The court found that there was nothing to show that Julia Wilson had not died seised of the property, and that it was not until her death in 1887 that defendant became repossessed of it. The case was reversed and remanded with leave to amend the pleadings and put in additional testimony.
Upon a rehearing in the superior court, a decree was entered in favor of the defendant, Wilson, establishing his title to the premises, subject to the repayment of certain taxes paid by Gage. Upon the second appeal to the supreme court, that court held that, it having been shown that defendant and his sister had been in possession of the property for more than twenty years prior to the bringing of that suit, defendant had a good title by limitation, unless it was cut off and defeated by the assignee's sale to Snow, but that, as he had sold to his sister, Julia Wilson, in July, 1877, thirteen months before the bankruptcy, and she had taken possession, he had no title, and none passed to Snow by purchase from the assignee.
Complainants, however, took the position that the deed from Wilson to his sister was not absolute, but was made to secure a debt, and was constructively a mortgage, and that an equity of redemption remained in Frederick R. Wilson, which would pass to Snow as purchaser at the time of the assignee's sale. But the court held that, under the arrangement between the parties, the deed became absolute long before the defendant was adjudged a bankrupt. That, under the law of Illinois, when land has been conveyed by deed, absolute in form, though intended as security for the payment of a debt, the payment of the debt may be abandoned, and the deed treated as an absolute conveyance, although originally intended as a mortgage, and that such arrangement may be made by parol, and be binding. 202 Ill. 83.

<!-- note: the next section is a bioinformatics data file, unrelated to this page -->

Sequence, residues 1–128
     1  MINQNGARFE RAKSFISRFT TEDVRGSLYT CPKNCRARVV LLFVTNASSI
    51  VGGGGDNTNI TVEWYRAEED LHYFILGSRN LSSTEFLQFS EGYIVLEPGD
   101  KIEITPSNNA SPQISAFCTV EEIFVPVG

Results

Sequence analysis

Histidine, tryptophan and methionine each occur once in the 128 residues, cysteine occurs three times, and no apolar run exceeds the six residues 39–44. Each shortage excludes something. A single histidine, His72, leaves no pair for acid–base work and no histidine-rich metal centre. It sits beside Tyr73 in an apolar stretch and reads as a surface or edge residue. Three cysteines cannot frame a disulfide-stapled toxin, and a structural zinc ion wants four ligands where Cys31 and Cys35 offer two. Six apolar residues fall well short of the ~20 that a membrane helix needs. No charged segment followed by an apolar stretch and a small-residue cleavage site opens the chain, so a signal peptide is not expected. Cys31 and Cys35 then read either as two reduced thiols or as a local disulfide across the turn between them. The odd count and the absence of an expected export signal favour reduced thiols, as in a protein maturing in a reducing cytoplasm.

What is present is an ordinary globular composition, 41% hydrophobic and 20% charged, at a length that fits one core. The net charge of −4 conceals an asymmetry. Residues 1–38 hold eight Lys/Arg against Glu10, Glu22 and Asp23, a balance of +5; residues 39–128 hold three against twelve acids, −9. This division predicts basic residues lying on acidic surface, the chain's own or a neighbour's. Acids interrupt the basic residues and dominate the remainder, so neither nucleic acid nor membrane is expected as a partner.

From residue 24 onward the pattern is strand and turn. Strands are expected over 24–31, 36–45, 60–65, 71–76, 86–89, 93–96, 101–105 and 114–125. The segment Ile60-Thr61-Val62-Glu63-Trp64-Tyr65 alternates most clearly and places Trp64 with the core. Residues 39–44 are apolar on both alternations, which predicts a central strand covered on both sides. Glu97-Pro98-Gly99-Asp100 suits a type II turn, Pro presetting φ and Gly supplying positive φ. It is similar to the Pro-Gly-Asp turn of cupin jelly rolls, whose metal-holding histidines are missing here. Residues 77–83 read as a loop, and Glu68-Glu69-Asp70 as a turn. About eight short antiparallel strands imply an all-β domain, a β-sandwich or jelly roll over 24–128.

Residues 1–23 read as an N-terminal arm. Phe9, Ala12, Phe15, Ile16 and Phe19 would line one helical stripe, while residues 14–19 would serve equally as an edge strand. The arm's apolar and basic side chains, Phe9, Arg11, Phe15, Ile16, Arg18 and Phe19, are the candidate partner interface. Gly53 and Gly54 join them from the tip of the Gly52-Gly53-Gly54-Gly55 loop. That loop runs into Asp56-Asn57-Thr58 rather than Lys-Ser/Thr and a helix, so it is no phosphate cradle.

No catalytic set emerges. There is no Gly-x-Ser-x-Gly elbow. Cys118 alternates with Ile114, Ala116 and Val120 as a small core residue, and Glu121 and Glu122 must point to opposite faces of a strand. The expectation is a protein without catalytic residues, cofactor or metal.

It thus appears that the case turned upon the validity of the deed from the appellee to his sister, Julia Wilson. It was chanroblesvirtualawlibrary
insisted that the deed was either fraudulent and void as against creditors, or that a residuary interest remained in Frederick R. Wilson, which would pass under the assignee's sale. This was a local, and not a federal, question. The deed, having been made a year before the proceedings in bankruptcy were begun, and eleven years before the commencement of this suit, was not attacked as invalid under the Bankrupt Law of 1867, then in force, but as a fraudulent conveyance under the state law. The question of fraud was ignored by the state court, although it was directly involved in the issue, and hence must be treated as overruled. It was admitted that, if the property were that of Julia Wilson at the commencement of the bankruptcy proceedings, nothing passed under the assignee's sale, and it was only upon the theory that it was the property of the bankrupt that the assignee could convey anything to the purchaser. To reverse the state court upon this point would be to hold that it improperly construed its own laws with reference to fraudulent conveyances. The assignee's sale as a conveyance of the property of the bankrupt was not attacked in any way. He was a mere conduit through which the interest of Frederick R. Wilson, if he had any for himself or his creditors, passed to Snow. We have repeatedly held that, when the question in a state court is not whether, if the bankrupt had title, it would pass to his assignee, but whether he had title at all, and the state court decided that he had not, no federal question is presented. Scott v. Kelly, 22 Wall. 57; McKenna v. Simpson, 129 U. S. 506. The same principle was applied to a different class of cases in Blackburn v. Portland Gold Mining Co., 175 U. S. 571; De Lamar's Nevada Gold Mining Co. v. Nesbitt, 177 U. S. 523. In Williams v. Heard, 140 U. S. 529, relied upon by the plaintiff in error, the property in dispute belonged admittedly to the bankrupts, and the question was whether it was of such a character as to pass to their assignee. Of course, this involved a construction of the Bankrupt Act.